This article is about the fields. For the neighbouring river, see Gladden River.
Anke Eißmann - The Gladden Fields.jpg
Gladden Fields
Physical Description
TypeMarsh
LocationIn the Vales of Anduin at the confluence of the Anduin and the Gladden rivers
General Information
Other names(Sindarin) Loeg Ningloron
EventsDisaster of the Gladden Fields

The Gladden Fields (Sindarin Loeg Ningloron) was, at the end of the Third Age, a large marsh on the west side of the Anduin that extended along either side of its tributary, the Gladden River.[1] It was a wilderness of islets, filled with reeds, rushes, and vast clumps of yellow irises grown taller than a man.[2]

History

In the First Age when the Silvan Elves first entered the Vales of Anduin, they found a lake in the deep depression where the Anduin and Gladden met. Although wider to the west, the lake probably did reach the sloping edge of Greenwood the Great . After many years the lake filled with sediment and became a marsh.[2]

In T.A. 2[3] near this place, on a slope east of the Anduin, Isildur and his three oldest sons were ambushed by Orcs when they marched back towards Arnor. Isildur's sons were killed in that battle, while he attempted to escape using the power of invisibility of the One Ring. He ran to the Anduin and tried to cross it. Due to the current he was swept downstream until he reached the western bank near the inflow of the river Gladden. But the Ring had slipped from Isildur's finger and when he stood up he was seen by Orcs, who laid there to kill any survivors of the ambush, and was slain by their arrows.[4]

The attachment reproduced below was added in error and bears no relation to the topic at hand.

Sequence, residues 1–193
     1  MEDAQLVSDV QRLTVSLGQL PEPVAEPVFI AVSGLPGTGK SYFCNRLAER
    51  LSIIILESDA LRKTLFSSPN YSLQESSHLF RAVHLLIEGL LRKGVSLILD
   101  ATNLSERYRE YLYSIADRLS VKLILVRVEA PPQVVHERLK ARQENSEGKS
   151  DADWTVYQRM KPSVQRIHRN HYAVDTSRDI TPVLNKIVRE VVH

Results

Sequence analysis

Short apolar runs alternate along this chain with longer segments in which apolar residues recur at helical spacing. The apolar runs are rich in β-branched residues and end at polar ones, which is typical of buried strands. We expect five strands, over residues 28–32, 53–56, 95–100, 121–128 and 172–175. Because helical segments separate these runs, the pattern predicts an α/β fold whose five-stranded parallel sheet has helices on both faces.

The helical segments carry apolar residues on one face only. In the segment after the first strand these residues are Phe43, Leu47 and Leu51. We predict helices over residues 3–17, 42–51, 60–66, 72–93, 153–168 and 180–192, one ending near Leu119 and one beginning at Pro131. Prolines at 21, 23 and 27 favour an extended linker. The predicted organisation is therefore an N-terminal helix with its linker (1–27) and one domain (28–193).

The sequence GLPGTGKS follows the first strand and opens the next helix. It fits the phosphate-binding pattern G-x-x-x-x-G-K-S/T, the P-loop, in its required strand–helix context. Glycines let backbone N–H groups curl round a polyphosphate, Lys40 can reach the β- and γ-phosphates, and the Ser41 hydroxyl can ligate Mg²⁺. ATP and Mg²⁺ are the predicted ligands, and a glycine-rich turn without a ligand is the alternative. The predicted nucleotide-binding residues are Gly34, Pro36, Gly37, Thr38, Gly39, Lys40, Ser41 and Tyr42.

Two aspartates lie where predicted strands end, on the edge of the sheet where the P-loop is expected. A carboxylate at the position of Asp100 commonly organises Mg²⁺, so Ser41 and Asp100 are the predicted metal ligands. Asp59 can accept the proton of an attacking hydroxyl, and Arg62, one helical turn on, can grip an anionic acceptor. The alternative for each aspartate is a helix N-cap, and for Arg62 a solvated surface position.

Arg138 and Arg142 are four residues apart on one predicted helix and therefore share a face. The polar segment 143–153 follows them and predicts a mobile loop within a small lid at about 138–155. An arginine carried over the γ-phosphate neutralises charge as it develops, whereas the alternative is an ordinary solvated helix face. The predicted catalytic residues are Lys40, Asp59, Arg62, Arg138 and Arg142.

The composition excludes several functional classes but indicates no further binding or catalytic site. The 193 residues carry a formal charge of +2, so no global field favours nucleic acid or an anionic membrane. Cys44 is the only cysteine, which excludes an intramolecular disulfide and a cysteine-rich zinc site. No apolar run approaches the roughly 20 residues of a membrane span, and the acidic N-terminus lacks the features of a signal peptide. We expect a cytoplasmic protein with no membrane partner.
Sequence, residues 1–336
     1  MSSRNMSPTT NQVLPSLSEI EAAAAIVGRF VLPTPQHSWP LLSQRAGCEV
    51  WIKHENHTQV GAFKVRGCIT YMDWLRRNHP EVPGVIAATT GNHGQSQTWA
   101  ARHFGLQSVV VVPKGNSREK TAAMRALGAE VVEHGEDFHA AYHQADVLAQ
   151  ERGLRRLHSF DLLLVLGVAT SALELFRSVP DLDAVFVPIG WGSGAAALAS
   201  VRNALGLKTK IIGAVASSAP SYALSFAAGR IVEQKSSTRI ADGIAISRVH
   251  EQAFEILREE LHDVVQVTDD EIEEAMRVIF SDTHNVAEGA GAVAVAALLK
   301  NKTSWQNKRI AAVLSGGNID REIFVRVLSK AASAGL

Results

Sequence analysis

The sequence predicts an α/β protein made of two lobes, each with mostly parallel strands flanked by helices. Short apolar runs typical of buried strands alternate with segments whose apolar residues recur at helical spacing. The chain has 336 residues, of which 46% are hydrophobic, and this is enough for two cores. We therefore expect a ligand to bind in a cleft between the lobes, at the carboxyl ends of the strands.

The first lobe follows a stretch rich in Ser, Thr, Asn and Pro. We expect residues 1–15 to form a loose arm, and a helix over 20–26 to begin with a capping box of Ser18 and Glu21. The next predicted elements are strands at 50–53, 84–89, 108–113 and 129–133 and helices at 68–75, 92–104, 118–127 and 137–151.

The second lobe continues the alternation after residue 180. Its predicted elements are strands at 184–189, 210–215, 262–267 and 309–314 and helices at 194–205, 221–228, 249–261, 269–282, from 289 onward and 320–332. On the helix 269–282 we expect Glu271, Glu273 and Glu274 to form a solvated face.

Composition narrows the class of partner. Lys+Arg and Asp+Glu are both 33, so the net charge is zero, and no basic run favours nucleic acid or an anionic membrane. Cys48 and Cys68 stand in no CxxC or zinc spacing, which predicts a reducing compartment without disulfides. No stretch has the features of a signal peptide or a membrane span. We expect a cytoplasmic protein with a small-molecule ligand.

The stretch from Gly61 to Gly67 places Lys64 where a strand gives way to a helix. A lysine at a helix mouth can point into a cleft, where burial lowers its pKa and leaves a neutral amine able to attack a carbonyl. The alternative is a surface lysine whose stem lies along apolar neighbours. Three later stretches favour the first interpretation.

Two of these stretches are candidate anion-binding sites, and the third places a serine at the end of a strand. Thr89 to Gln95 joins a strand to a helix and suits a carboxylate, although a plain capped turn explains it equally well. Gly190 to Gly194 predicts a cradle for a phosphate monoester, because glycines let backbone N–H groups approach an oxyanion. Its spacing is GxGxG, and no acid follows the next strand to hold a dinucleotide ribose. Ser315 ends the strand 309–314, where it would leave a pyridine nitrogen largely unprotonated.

During the reign of King Calimehtar of Gondor (who died in 1936) the Éothéod were a small people living in the Vale of Anduin; their southern boundary was the Gladden Fields.[5]

It was here, about 2463, that the hobbit Déagol retrieved the One Ring from the Gladden and he was killed by his cousin Sméagol, who became the evil creature called Gollum.[3]

Borondir, the messenger of Gondor sent by the Steward Cirion in 2510[3] to seek aid from the Éothéod (who by then had migrated farther up the Anduin valley), was pursued as he rode north as far as the Gladden Fields.[6]

In T.A. 2851, after a meeting of the White Council, Saruman began searching near the Gladden Fields for the One Ring.[3] He became alarmed to discover that Sauron's servants were also searching the region.[7]

Etymology

From Old English glaedene, "gladden" is another name for the "flag" or "iris", now usually spelt gladdon.[8]

Tolkien suggested to translators to avoid if possible the 'learned' name iris.[8]

References

  1. J.R.R. Tolkien, Christopher Tolkien (ed.), Unfinished Tales, "The West of Middle-earth at the End of the Third Age" [map]
  2. 2.0 2.1 J.R.R. Tolkien, Christopher Tolkien (ed.), Unfinished Tales, "The Disaster of the Gladden Fields", note 13
  3. 3.0 3.1 3.2 3.3 J.R.R. Tolkien, The Lord of the Rings, Appendix B, "The Third Age"
  4. J.R.R. Tolkien, Christopher Tolkien (ed.), Unfinished Tales, "The Disaster of the Gladden Fields"
  5. J.R.R. Tolkien, Christopher Tolkien (ed.), Unfinished Tales, "Cirion and Eorl and the Friendship of Gondor and Rohan", (i) The Northmen and the Wainriders
  6. J.R.R. Tolkien, Christopher Tolkien (ed.), Unfinished Tales, "Cirion and Eorl and the Friendship of Gondor and Rohan", (ii) The Ride of Eorl
  7. J.R.R. Tolkien, Christopher Tolkien (ed.), The Silmarillion, "Of the Rings of Power and the Third Age"
  8. 8.0 8.1 J.R.R. Tolkien, "Nomenclature of The Lord of the Rings" in Wayne G. Hammond and Christina Scull (eds), The Lord of the Rings: A Reader's Companion, p. 771